Joseph P. Kalt:

"Being a tribal leader is like one of the hardest jobs in the world. And the reason for that -- right, Minnie? -- the reason for that in part is because [of] the range of things you have to know. Here you are sitting and looking at, you know, number after number and balance sheets and accounting and everything else, and at the same time your citizens are expecting you to take care of, you know, that heating bill that didn't get paid, and you've got to keep your eye on the big picture, the big strategies of the nation as a whole."

Rebecca Miles:

"Anybody who's a tribal leader today has it much harder than they did 30, 40 years ago in this respect. I know they went through things that we never have had to go through, but in this regard tribal leaders now have to know so much more than tribal leaders then. We have...I found myself having to know, here's a table full of all these foods, I have to know how all of them are made, just a little bit and be able to report on them. That's what it feels like because on every policy arena, you've got to know what's going on in all these areas and where Congress is at with this and funding is going to be cut for that and we're in litigation here and what did the judge say, 'And, oh, now this tribe's going against us and filing an amicus, what are going to do about that?'"

Robert McGhee:

"Tribal council members now have to learn all facets of government. They have to know what decisions were made in the past, why the decisions were made regarding at the tribal council level, what impact did it have on the community, and what were the necessary meaning behind that. And just not to mention the county and the city and federal law. I think they become inundated with constant communication and information from those levels of government that I don't think they were involved in years ago. I would say that was one of the hardest things to deal with, to know that, wow, it's not about just helping my tribal council, general council members. I am now the individual who is meeting with all these other representatives of government to formulate policy, decisions, and make laws. So I think it's, I think it's challenging on that part."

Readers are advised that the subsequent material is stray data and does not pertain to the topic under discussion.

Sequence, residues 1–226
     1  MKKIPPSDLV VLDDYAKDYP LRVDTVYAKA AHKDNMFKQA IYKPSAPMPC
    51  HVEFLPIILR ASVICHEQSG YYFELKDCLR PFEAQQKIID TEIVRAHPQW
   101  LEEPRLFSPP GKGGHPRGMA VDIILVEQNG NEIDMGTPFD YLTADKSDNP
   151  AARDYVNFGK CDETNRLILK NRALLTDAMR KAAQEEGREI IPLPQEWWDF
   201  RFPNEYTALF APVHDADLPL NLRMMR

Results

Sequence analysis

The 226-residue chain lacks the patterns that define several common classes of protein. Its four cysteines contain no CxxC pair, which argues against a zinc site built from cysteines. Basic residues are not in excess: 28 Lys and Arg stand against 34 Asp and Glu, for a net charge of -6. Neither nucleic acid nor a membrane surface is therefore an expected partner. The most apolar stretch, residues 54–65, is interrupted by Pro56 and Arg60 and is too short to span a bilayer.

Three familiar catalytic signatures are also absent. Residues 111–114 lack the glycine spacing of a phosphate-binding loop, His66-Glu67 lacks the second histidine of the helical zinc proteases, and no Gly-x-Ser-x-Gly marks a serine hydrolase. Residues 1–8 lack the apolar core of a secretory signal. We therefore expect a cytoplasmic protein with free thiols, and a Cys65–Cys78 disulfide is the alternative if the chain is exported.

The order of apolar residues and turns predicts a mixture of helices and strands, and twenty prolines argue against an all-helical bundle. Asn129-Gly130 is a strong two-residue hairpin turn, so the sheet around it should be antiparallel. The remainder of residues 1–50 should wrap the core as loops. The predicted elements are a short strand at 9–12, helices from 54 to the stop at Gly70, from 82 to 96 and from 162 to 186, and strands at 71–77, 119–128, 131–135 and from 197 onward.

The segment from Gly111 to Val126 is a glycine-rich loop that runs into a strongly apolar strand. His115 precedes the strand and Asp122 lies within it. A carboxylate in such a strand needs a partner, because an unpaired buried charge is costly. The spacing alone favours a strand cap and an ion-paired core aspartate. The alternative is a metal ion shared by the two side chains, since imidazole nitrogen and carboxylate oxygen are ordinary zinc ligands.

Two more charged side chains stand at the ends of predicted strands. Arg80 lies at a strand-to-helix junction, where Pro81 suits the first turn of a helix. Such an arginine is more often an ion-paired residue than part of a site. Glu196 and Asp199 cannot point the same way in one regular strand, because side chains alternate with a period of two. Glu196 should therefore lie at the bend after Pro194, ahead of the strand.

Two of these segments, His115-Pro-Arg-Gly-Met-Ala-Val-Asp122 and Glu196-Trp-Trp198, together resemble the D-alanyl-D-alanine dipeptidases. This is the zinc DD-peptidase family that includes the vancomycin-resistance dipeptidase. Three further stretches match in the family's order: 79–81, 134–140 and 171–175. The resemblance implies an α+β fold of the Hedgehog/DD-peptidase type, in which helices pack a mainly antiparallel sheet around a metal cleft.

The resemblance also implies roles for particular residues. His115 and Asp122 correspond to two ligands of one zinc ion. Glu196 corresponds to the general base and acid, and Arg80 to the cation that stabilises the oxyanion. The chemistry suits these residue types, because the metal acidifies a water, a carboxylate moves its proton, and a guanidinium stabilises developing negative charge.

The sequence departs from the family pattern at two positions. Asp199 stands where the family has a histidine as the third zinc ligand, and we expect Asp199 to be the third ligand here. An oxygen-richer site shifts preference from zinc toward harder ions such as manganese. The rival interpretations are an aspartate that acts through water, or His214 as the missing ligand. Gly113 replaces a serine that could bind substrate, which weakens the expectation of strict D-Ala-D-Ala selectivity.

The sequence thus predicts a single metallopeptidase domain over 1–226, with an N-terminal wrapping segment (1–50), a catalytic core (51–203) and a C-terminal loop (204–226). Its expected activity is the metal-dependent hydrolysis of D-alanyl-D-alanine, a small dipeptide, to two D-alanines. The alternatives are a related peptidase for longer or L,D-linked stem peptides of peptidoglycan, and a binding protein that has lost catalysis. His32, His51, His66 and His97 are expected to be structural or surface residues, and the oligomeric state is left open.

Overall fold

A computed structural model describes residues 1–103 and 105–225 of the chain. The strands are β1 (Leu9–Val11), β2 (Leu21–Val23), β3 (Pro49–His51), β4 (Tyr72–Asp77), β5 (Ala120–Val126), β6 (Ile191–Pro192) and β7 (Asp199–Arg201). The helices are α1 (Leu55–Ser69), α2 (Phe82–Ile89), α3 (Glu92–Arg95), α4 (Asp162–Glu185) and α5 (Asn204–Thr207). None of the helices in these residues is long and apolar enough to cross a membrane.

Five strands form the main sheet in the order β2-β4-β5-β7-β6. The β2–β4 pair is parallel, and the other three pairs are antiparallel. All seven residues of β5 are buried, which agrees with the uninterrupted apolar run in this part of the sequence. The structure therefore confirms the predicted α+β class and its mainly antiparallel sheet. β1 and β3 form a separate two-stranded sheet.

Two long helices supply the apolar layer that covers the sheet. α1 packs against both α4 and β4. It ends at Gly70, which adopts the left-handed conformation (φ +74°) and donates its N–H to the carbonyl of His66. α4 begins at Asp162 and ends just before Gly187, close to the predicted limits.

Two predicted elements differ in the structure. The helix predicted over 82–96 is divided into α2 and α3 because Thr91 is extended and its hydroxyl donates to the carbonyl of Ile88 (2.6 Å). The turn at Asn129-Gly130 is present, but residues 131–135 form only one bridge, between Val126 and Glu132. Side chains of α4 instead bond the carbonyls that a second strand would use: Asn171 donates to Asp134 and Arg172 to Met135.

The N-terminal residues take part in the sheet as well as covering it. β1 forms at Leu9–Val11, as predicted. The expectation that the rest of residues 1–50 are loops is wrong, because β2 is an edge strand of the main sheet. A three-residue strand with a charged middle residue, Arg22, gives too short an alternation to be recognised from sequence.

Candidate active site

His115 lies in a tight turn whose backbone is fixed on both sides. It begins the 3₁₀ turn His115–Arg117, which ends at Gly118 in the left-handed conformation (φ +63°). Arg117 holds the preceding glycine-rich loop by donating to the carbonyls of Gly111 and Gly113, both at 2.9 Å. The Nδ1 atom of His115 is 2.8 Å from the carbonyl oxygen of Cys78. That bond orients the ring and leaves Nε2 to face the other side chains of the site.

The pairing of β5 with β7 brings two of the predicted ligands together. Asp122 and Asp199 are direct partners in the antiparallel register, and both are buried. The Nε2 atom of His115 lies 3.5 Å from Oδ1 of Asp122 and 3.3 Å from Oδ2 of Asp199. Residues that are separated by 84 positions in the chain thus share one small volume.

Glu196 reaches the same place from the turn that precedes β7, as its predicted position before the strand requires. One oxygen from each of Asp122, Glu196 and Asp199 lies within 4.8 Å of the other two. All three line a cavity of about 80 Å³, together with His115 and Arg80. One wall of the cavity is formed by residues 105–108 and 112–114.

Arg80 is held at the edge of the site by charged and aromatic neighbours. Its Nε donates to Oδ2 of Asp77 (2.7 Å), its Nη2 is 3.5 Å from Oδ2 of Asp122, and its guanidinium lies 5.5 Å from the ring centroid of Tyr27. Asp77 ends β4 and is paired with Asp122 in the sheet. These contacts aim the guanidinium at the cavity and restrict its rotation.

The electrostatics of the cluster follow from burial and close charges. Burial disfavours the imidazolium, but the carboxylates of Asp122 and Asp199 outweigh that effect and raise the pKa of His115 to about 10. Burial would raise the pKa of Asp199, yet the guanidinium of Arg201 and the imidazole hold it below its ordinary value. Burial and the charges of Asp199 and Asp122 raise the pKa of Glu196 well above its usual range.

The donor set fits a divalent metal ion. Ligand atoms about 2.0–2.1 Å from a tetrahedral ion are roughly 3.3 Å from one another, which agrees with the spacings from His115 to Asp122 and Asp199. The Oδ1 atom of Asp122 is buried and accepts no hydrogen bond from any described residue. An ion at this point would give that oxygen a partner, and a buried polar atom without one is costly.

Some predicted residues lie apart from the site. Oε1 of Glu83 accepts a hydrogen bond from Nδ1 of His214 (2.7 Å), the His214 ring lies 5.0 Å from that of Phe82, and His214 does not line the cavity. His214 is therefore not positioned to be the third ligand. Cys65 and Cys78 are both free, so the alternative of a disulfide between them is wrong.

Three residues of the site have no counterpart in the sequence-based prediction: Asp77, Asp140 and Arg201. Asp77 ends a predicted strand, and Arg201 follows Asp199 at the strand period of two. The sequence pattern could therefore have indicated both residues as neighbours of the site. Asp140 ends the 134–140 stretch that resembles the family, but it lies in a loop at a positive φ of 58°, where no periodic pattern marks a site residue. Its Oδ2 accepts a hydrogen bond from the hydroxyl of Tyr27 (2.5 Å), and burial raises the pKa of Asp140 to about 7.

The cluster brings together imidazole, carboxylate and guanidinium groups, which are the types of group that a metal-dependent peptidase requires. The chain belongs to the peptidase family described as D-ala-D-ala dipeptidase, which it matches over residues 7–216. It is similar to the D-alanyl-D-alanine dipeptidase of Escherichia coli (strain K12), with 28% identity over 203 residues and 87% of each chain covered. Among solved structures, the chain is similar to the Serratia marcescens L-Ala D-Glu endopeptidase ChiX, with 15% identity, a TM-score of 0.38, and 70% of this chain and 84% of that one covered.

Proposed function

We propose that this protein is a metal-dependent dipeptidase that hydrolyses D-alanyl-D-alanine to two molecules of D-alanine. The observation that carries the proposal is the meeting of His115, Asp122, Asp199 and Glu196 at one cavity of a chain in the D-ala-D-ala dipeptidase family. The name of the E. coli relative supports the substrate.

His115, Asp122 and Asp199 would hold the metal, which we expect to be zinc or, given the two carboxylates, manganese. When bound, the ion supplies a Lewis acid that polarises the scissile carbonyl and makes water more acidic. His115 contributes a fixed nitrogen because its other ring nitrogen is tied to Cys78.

Karen Diver:

"The people who didn't vote for you -- some of them really hate your guts. Politics is personal in Indian Country, and after you win, there is no magic that will make them all of a sudden like you. They are going to keep hating you, and they didn't like you before and they are not going to like you now, and that's just the way it is. So get used to it. The other part of it is they are still your tribal members whether they like you or not, so it's your job to get over it, because they still deserve your time, attention, and your work as much as all of the rest of them, so you need to own the fact that they have a right to their feelings, but you still have a job to do."

Gerald Clarke, Jr.: What I Wish I Knew Before I Took Office

Producer
Native Nations Institute
Year

Cahuilla Band of Indians Council Member Gerald Clarke, Jr. shares his thoughts about what he wished he knew before taking office as an elected leader of his nation.

Native Nations
Resource Type
Citation

Clarke, Jr., Gerald. "What I Wish I Knew Before I Took Office." Emerging Leaders seminar. Native Nations Institute for Leadership, Management, and Policy, University of Arizona. Tucson, Arizona. March 20, 2012. Presentation.

"Thank you very much. I just want to start by saying I'm really honored to be here amongst you. At various times you're asked to speak at various events or what have you and this one to me really matters. So I am very honored to be here and to speak with you. How many of you heard your community in the previous presentation? Raise your hand. Yeah, me too. Me too. My tribe went through what's called the GANN [Governance Analysis for Native Nations] with the [Native Nations] Institute back in April and the whole time they're going through this standard approach I'm shaking my head. Sometimes I'm laughing, sometimes I'm crying. But that's us. Right? So one of the things I would stress is you're not alone. There's a lot of us that are in a similar situation.